Someone should go to the authors of this papers house and throw a rock through their car windshield. Then calmly explain to them that since the car did not catch fire and/or explode you did not acctually break it at all and they should stop screaming at you so much.

    Goddamn morons... Something can still sort of work and still be considered "broken". But I guess carefully crafted dishonesty is the MPAA standard mode of operation

    reply to this | link to this | view in chronology ]

  • icon
    That One Guy (profile), 23 Aug 2016 @ 11:57am

    "I can't hear you!"

    In the vitriolic debates over the Stop Online Piracy Act (SOPA) in the United States, many opponents of taking action to limit access to foreign websites dedicated to piracy argued that website blocking would “break the Internet,” although they never satisfactorily explained how this breakage would occur or why the Internet was not already broken, since some site blocking already existed before the SOPA debate.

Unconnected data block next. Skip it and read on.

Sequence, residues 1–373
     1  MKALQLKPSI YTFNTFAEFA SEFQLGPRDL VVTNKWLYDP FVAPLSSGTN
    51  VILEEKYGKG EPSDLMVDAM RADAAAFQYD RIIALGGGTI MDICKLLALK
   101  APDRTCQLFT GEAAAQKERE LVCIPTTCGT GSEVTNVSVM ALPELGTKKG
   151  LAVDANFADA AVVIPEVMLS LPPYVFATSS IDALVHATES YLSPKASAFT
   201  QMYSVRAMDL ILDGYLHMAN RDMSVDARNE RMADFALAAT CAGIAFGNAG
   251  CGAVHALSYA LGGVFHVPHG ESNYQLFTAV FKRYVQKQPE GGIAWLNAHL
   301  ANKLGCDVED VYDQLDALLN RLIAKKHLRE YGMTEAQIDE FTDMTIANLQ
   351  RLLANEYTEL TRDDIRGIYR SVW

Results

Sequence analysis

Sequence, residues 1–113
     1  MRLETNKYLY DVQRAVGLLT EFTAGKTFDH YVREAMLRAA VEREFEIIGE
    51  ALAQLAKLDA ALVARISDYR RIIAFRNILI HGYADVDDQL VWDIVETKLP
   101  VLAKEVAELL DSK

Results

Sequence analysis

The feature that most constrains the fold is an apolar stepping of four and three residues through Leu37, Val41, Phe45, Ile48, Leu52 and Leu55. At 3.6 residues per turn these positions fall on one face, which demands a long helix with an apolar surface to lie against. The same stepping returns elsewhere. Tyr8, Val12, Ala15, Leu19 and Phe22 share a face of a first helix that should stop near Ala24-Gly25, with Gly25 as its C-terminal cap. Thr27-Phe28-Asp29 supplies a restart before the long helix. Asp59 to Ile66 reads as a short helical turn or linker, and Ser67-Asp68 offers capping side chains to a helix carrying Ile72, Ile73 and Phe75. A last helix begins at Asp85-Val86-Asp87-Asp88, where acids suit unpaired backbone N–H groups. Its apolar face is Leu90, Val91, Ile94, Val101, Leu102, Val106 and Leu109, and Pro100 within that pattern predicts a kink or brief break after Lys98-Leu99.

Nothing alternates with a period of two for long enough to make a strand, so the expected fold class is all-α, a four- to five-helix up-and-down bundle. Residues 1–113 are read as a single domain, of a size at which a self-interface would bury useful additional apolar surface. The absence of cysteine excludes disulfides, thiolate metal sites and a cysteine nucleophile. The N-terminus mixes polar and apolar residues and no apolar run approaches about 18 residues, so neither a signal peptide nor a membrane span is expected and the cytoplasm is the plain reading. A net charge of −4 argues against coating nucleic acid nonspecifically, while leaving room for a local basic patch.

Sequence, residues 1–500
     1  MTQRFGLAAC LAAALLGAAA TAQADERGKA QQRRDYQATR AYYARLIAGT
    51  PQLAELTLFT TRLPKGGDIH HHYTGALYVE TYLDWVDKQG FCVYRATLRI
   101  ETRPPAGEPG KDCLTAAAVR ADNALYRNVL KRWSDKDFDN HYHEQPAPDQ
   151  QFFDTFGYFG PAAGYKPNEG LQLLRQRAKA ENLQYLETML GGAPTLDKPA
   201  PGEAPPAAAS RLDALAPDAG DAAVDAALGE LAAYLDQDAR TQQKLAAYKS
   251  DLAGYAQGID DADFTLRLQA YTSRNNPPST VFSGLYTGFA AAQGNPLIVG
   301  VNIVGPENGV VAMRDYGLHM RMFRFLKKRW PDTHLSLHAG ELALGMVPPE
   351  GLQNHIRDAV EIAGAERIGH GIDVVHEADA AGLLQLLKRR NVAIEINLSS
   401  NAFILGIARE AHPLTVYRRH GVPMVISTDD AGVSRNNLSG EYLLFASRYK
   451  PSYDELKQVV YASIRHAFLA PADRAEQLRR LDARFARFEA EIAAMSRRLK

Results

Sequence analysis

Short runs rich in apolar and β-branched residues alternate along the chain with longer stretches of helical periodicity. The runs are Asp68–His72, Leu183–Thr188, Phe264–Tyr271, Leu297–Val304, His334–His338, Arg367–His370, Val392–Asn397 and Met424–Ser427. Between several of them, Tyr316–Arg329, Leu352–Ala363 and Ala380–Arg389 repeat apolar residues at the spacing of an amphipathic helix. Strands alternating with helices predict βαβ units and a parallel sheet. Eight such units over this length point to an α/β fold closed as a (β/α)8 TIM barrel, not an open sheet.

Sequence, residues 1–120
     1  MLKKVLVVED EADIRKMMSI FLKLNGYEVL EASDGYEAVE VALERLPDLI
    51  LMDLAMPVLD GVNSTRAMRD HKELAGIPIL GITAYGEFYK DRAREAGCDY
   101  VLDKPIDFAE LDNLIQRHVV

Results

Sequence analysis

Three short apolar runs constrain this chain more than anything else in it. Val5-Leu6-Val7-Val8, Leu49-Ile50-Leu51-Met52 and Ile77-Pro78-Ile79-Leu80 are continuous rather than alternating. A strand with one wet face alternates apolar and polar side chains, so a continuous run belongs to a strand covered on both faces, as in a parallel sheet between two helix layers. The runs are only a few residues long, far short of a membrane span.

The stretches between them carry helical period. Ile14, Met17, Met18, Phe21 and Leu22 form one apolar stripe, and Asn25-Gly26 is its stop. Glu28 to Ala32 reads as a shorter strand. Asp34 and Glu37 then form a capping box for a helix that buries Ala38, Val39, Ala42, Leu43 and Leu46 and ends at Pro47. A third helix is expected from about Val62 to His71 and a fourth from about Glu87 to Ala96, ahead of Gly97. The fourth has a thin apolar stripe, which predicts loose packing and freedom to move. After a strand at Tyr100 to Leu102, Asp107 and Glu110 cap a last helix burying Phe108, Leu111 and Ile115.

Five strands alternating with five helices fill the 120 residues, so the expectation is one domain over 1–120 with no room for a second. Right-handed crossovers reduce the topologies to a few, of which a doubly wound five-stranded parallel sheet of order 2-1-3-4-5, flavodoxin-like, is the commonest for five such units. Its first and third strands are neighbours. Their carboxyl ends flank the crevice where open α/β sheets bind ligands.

How's that saying go again?

    “It is difficult to get a man to understand something, when his salary depends on his not understanding it.” -Upton Sinclair

    Plenty of people explained(or tried to anyway if they're still lying about how no-one said a thing ), they just didn't listen because they weren't actually interested in what the people telling them how stupid and problematic their proposal was were saying.

    reply to this | link to this | view in chronology ]

  • identicon
    Zonker, 23 Aug 2016 @ 12:11pm

    Breaking the internet?

    I think that their definition of "breaking the internet" must be vastly different from what an ordinary person understands it to mean.

    It seems they believe that foisting naked pictures of Kardashians on an unwitting public is "breaking the internet", yet causing Domain Name Servers to give incorrect results when people attempt to access a website is not.

    reply to this | link to this | view in chronology ]

  • identicon
    Anonymous Coward, 23 Aug 2016 @ 1:01pm